The report purports to determine whether the FBI complies with Agency guidance — the title and issuing authority for which are redacted in the report, which is why I am referring to it as the “Cooties Guidance Directive [Redacted]” throughout, even where it is redacted in direct quotes — that FBI personnel are not to engage in any community outreach with people from CAIR. For results, it shows that in three of five cases where FBI personnel did engage (or almost engage!) with people from CAIR, the personnel either didn’t consult with the FBI entity the IG deems to be in charge of this policy (which is probably the Counterterrorism Division, but the IG Report redacts that too), or consulted instead with the Office of Public Affairs, which is in charge of community outreach.

In response to these shocking (!!) results, Congressman Frank Wolf has already called for heads to roll.

But what the report actually shows is, first of all, how in response to two non-criminal pieces of evidence — a meeting between men who would go on to found CAIR and Hamas, which was not yet a designated a terrorist organization, and CAIR’s designation as an unindicted co-conspirator in the Holy Land Foundation case (the publication of which was subsequently deemed a violation of the group’s Fifth Amendment rights) — the FBI formulated a formal policy to treat that organization as if it has cooties.

And yet, even the language the IG repeats about this policy makes it clear that the FBI was operating on a policy of “guilty until proven innocent.”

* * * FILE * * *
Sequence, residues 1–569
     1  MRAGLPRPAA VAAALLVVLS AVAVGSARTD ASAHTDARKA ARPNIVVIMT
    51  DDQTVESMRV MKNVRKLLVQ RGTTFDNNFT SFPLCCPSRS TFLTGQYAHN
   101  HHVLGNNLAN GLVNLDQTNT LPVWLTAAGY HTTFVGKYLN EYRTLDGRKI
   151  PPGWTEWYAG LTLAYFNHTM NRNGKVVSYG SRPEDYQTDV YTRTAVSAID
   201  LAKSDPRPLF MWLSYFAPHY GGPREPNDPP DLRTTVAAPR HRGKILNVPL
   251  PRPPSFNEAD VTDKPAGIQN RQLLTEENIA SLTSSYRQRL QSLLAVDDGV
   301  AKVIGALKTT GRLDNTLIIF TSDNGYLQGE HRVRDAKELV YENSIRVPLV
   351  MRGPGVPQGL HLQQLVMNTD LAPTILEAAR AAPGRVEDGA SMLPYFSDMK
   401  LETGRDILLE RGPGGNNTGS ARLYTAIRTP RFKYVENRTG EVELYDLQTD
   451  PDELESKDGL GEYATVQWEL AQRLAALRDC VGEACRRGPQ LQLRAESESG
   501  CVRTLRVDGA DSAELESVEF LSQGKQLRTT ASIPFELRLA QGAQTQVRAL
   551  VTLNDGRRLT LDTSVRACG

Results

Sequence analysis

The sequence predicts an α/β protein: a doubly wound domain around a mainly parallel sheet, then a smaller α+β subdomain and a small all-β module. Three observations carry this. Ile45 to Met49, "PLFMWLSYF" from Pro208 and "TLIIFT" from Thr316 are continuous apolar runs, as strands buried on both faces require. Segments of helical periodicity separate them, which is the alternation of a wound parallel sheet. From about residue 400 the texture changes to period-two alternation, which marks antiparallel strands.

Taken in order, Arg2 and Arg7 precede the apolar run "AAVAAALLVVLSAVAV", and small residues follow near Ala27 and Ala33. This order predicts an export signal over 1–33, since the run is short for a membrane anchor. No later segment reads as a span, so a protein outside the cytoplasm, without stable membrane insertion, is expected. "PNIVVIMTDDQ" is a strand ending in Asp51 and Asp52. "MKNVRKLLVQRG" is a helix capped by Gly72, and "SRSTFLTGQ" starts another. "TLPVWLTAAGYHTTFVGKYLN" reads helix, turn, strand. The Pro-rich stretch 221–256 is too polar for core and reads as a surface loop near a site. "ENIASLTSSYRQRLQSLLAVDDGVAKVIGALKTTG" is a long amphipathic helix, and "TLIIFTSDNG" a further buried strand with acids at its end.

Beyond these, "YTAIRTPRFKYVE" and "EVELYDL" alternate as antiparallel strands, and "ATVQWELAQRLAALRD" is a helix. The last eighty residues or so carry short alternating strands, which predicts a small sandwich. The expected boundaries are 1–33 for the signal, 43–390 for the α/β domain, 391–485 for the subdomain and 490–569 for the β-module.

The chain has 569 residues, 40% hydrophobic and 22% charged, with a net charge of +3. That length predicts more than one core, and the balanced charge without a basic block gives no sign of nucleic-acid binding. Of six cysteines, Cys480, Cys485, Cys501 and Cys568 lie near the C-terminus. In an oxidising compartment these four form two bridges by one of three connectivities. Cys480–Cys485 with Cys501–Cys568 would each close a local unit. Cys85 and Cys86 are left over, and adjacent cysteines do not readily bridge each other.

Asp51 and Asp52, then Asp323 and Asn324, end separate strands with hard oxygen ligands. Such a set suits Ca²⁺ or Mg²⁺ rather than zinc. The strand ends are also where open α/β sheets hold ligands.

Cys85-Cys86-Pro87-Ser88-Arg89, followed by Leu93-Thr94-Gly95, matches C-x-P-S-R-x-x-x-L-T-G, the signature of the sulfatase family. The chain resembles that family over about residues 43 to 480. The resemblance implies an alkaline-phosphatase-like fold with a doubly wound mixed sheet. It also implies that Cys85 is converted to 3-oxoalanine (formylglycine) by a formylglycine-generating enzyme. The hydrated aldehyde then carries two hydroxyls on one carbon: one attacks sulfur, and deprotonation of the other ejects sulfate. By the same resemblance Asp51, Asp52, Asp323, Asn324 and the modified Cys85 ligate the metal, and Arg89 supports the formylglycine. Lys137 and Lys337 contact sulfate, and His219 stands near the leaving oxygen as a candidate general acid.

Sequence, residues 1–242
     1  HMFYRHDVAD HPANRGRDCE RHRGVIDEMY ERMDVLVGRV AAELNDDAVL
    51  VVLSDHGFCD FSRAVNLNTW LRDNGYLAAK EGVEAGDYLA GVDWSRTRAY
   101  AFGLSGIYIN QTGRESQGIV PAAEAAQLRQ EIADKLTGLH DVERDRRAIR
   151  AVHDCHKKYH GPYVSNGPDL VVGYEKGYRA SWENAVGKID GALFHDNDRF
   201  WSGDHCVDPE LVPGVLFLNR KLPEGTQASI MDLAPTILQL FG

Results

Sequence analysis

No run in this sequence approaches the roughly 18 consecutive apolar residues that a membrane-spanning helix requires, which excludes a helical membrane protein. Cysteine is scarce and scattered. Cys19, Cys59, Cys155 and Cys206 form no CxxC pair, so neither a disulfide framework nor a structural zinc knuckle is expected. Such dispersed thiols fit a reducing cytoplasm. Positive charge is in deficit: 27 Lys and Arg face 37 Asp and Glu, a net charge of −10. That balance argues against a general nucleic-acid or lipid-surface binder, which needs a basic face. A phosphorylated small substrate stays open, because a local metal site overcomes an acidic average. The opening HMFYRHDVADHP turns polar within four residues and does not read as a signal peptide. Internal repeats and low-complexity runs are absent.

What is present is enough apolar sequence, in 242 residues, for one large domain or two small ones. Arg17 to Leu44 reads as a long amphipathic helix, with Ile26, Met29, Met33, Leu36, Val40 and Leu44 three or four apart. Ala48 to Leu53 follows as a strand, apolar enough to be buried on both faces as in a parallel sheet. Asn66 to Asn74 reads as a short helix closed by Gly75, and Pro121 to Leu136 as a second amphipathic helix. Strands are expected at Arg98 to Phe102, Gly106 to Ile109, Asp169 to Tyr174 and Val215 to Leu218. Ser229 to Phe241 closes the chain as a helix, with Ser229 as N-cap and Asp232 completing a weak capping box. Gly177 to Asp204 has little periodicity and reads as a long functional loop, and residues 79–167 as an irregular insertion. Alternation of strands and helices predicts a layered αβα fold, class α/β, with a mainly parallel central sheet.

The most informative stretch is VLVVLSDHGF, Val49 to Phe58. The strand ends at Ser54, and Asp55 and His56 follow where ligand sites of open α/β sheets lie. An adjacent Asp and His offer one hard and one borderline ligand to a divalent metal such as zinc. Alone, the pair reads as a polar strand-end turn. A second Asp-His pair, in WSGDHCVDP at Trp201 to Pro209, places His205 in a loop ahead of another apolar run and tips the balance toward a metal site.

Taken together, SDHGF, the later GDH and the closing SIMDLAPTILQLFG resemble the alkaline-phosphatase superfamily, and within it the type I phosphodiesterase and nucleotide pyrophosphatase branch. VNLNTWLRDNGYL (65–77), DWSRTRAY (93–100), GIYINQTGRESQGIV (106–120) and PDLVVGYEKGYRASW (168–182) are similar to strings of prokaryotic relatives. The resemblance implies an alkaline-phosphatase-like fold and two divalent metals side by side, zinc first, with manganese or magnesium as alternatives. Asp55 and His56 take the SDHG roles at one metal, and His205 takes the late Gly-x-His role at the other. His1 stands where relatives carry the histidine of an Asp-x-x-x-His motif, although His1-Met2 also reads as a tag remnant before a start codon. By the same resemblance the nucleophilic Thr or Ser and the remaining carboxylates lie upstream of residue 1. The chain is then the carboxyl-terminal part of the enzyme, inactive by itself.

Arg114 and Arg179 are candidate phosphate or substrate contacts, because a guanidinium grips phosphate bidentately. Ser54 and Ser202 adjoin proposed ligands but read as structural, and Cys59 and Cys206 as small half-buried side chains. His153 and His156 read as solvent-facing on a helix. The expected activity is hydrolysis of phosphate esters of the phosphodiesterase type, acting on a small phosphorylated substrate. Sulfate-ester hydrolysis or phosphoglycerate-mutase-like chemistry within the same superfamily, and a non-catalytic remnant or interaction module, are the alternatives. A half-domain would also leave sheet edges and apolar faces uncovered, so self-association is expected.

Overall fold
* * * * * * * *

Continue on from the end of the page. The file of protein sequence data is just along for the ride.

The guidance specifically stated that, until the FBI could determine whether there continued to be a connection between CAIR or its executives and Hamas, “the FBI does not view CAIR as an appropriate liaison partner” for non-investigative activities.

That is, for the entire 5 year period versions of this policy have been in place, FBI has maintained that so long as it doesn’t develop evidence that CAIR has no ties to Hamas, then FBI will treat the organization and its officials as if they do have such ties by refusing to let them on FBI property or attend any CAIR-affiliated events. And we’re supposed to believe, I guess, that the FBI has used not a single one of their intrusive investigative methods to try to prove or disprove this allegation in the interim 5 years, and so it just will never know whether the allegation is correct or not, and so must operate on the playground Cooties standard.

Heck, in one of the “incidents” the report investigates, the local FBI office actually vetted an event participant to make sure his service on CAIR’s local board didn’t taint all his other community ties so badly that he should not participate in the event.